Relation to other statistical properties
has a monotone non-decreasing likelihood ratio in the sufficient statistic T(x), provided that is non-decreasing.
Most powerful tests: The Karlin–Rubin theorem
Monotone likelihood functions are used to construct uniformly most powerful tests, according to the Karlin–Rubin theorem. Consider a scalar measurement having a probability density function parameterized by a scalar parameter θ, and define the likelihood ratio . If is monotone non-decreasing, in , for any pair (meaning that the greater is, the more likely is), then the threshold test:
- where is chosen so that
is the UMP test of size α for testing
Note that exactly the same test is also UMP for testing
Median unbiased estimation
Monotone likelihood-functions are used to construct median-unbiased estimators, using methods specified by Johann Pfanzagl and others. One such procedure is an analogue of the Rao–Blackwell procedure for mean-unbiased estimators: The procedure holds for a smaller class of probability distributions than does the Rao–Blackwell procedure for mean-unbiased estimation but for a larger class of loss functions.
Lifetime analysis: Survival analysis and reliability
If a family of distributions has the monotone likelihood ratio property in ,
- the family has monotone decreasing hazard rates in (but not necessarily in )
- the family exhibits the first-order (and hence second-order) stochastic dominance in , and the best Bayesian update of is increasing in .
But not conversely: neither monotone hazard rates nor stochastic dominance imply the MLRP.
Let distribution family satisfy MLR in x, so that for and :
Integrating this expression twice, we obtain:
|1. To with respect to
integrate and rearrange to obtain
|2. From with respect to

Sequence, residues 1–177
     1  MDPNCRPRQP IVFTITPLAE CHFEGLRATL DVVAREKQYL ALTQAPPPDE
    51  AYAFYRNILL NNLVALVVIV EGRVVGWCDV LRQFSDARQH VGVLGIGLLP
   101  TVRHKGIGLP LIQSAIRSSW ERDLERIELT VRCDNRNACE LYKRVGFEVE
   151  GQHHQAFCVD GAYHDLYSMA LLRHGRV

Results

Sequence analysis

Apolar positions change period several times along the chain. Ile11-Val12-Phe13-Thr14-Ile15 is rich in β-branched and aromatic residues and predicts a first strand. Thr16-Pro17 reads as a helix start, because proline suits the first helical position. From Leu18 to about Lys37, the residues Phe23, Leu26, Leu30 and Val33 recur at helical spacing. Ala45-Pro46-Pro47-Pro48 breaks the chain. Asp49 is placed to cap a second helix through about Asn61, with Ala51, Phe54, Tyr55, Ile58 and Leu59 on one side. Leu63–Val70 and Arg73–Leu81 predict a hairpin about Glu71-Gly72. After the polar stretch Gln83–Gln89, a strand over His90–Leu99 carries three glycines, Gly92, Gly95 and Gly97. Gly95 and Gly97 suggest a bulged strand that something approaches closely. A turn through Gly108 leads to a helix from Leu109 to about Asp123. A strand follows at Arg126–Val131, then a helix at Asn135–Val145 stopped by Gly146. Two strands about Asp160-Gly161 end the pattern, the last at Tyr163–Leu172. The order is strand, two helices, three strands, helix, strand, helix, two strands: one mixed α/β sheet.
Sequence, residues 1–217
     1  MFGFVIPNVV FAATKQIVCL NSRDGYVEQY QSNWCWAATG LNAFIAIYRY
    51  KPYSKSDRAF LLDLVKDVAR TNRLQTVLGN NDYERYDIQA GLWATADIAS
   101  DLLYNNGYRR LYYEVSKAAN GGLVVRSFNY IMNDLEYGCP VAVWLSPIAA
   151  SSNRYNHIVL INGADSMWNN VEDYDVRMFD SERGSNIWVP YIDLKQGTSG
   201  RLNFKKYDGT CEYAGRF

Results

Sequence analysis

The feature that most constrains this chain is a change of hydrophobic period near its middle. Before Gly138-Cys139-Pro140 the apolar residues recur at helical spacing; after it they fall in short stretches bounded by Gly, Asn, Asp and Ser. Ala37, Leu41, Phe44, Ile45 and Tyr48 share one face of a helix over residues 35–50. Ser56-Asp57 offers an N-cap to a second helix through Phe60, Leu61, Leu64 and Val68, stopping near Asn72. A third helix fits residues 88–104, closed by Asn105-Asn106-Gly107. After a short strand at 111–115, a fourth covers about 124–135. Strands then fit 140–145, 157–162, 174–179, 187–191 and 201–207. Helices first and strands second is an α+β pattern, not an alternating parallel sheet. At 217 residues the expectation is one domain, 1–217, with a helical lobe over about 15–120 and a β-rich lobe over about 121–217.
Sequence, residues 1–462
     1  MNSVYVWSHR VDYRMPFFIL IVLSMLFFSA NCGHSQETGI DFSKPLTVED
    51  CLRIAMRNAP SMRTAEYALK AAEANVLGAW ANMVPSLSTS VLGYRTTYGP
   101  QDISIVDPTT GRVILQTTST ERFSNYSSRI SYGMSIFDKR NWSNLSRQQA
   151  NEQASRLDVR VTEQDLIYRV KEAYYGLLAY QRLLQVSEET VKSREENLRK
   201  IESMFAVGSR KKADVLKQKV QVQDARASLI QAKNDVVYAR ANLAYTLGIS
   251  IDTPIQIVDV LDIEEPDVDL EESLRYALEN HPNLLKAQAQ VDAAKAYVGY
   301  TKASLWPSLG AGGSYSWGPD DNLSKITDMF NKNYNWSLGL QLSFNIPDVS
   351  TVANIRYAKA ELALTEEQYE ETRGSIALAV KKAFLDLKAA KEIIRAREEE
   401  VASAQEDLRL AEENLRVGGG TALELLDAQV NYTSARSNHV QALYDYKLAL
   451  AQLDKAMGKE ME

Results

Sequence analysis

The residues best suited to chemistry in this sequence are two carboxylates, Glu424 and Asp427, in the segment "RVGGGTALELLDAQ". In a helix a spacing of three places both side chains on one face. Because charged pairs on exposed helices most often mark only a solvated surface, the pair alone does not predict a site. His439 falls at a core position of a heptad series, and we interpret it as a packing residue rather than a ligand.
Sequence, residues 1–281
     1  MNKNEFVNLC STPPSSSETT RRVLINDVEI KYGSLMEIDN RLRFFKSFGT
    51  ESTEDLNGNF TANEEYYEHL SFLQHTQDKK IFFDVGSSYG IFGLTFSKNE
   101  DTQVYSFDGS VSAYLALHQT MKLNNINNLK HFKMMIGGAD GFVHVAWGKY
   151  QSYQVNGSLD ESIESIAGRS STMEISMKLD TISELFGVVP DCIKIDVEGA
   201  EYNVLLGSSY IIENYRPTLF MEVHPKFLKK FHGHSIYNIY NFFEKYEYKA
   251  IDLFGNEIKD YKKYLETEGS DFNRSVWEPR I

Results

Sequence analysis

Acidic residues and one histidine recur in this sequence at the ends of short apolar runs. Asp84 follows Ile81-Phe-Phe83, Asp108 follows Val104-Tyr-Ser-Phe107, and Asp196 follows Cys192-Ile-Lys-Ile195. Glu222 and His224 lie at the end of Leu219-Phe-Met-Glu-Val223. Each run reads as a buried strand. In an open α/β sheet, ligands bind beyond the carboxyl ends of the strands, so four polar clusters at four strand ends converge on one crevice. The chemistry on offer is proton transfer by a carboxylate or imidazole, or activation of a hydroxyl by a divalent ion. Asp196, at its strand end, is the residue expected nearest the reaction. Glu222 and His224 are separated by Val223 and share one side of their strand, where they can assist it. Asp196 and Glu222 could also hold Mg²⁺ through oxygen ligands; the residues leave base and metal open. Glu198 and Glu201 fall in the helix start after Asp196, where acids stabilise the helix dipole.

integrate and rearrange to obtain
First-order stochastic dominance
Combine the two inequalities above to get first-order dominance:
Monotone hazard rate
Use only the second inequality above to get a monotone hazard rate:
The MLR is an important condition on the type distribution of agents in mechanism design. Most solutions to mechanism design models assume a type distribution to satisfy the MLR to take advantage of a common solution method.
- Casella, G.; Berger, R.L. (2008), Statistical Inference, Brooks/Cole. ISBN 0-495-39187-5 (Theorem 8.3.17)
- Pfanzagl, Johann. "On optimal median unbiased estimators in the presence of nuisance parameters." The Annals of Statistics (1979): 187–193.
- Brown, L. D.; Cohen, Arthur; Strawderman, W. E. A Complete Class Theorem for Strict Monotone Likelihood Ratio With Applications. Ann. Statist. 4 (1976), no. 4, 712–722. doi:10.1214/aos/1176343543. http://projecteuclid.org/euclid.aos/1176343543.
- Page 713: Brown, L. D.; Cohen, Arthur; Strawderman, W. E. A Complete Class Theorem for Strict Monotone Likelihood Ratio With Applications. Ann. Statist. 4 (1976), no. 4, 712–722. doi:10.1214/aos/1176343543. http://projecteuclid.org/euclid.aos/1176343543.